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Special Printing Techniques

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June 2, 2020

Looking for a way to make your design or publication truly stand out? We’ve got your back. Check out some of our favourite printing techniques that will surely make some heads turn.

Risograph

The risograph is a stencil duplicator that allows you to make multiple copies of an original paper document. A bit like its well-known brother, you know, the copy machine. However, the technology used by the risograph is a bit different, using offset printing. The risograph is perfect for large quantities that a copy machine can’t handle, because of its low costs. The main advantage is that you can print your poster in one colour at the same cost as you would with the colour black.

With a risograph, you can print in only one colour at once, but in relatively large quantities for a small price and on nice paper. The beauty of this printing technique lies in its imperfections and handcrafted look and feel.

Screen printing

Screen printing is a technique that’s done by applying layers of colour. It allows you to print on a very large number of media, with which you can achieve many different effects. The downside is that you are a bit limited in your use of colours. But your print will definitely look unique because you can use colours that otherwise wouldn’t be available with the more “traditional” method (CMYK).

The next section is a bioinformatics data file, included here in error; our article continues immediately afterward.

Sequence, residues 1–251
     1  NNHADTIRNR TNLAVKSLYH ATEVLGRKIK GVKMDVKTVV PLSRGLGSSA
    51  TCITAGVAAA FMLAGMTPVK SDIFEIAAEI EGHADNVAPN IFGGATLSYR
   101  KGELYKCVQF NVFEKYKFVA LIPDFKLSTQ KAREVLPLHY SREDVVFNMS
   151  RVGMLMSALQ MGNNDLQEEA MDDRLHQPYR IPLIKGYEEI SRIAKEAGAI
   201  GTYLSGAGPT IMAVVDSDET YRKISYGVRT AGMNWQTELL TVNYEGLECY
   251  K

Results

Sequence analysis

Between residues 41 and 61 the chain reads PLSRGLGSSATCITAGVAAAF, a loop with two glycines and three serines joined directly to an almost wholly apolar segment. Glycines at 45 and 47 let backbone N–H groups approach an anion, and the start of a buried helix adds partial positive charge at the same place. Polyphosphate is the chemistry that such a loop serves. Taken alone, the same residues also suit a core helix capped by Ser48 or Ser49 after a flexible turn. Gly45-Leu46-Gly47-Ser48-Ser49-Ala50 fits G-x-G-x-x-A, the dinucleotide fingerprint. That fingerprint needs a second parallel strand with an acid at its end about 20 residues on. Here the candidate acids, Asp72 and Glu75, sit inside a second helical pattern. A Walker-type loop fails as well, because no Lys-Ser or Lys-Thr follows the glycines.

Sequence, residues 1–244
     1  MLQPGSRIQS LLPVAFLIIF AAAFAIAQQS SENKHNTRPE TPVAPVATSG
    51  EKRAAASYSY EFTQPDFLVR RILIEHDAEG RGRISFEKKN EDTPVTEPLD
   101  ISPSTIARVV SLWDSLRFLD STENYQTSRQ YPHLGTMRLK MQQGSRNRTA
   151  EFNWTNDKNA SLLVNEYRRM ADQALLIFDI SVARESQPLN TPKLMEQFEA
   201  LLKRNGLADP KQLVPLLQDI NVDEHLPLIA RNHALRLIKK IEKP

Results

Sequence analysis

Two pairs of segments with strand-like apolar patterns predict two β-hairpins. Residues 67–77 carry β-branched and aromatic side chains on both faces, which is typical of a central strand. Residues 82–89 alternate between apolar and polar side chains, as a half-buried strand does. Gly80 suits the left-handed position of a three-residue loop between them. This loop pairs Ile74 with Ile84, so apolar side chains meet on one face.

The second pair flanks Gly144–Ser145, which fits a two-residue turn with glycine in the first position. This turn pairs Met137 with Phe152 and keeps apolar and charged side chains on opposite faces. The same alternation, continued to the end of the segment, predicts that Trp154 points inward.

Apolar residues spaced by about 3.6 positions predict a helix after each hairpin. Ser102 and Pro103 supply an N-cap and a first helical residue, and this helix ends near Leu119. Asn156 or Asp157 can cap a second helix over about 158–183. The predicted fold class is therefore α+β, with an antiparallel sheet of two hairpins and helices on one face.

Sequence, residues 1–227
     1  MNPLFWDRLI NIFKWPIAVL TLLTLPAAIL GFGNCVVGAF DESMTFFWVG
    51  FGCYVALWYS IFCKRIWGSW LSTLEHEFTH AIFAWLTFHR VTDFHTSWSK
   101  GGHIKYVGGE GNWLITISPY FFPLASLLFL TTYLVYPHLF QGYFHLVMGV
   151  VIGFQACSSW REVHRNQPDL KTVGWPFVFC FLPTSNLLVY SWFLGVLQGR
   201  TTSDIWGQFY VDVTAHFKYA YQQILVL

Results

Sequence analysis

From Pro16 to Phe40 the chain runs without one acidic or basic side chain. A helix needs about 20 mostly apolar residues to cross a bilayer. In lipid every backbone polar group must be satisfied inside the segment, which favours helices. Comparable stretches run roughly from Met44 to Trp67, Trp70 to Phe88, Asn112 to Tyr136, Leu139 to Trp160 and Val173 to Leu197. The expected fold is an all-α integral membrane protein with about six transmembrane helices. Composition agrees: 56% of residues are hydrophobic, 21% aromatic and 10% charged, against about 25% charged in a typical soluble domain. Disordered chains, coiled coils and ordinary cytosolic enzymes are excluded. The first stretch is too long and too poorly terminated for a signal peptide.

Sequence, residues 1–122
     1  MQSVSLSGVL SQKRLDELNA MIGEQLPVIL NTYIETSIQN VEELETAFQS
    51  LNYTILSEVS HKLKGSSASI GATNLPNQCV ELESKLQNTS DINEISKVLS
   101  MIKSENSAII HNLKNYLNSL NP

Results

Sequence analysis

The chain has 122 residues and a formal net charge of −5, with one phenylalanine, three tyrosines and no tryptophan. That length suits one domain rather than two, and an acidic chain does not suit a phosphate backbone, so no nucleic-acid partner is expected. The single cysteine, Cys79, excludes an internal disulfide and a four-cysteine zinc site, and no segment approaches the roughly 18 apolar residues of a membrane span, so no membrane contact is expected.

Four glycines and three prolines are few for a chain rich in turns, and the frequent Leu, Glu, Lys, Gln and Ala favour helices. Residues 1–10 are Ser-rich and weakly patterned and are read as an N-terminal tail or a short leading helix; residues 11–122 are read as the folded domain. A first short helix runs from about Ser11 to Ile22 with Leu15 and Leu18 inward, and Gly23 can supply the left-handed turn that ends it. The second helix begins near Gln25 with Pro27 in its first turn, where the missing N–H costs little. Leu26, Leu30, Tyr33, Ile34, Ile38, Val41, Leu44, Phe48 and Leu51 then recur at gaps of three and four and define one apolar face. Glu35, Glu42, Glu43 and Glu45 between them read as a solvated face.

The result is often a bit similar to the risograph with the difference being that you can print on a lot more different media with screen printing.

Letterpress

Letterpress printing is – quite literally – the art of mechanically pressing forms with ink onto paper to achieve a relief printing. This printing technique has been the most common one since Gutenberg. But since the middle of the 20th century, the technique has been going out of fashion, first giving way to offset printing and afterwards digital printing.

Fortunately, the letterpress is making a comeback for publications and designs that creatives want to give a luxurious, unique and timeless look and feel to. For example, posters, special invitations, business cards, etc. The result will always be incomparable to other printing techniques and be instantly recognisable.

Linocut

Linocut is a printmaking technique that uses the engraving of a linoleum sheet and which is essentially intended for illustrations. It can be used to print on a lot of different media, such as t-shirts, cardboard, etc.

As you can see, linocut really gives a special touch to the illustration with a handcrafted look and feel.

Hot foil stamping

Hot foil stamping is a technique that uses heat and pressure to add a gold/silver/copper or another type of metallic foil onto a print. This technique is pretty expensive, but the result is really worth it and always adds a truly luxurious feeling to your designs.

This technique can be seen as the rich uncle of the letterpress.

Of course, all these techniques can be handled by our team, so if you are feeling experimental, let us know!

 

By Pablo Boulanger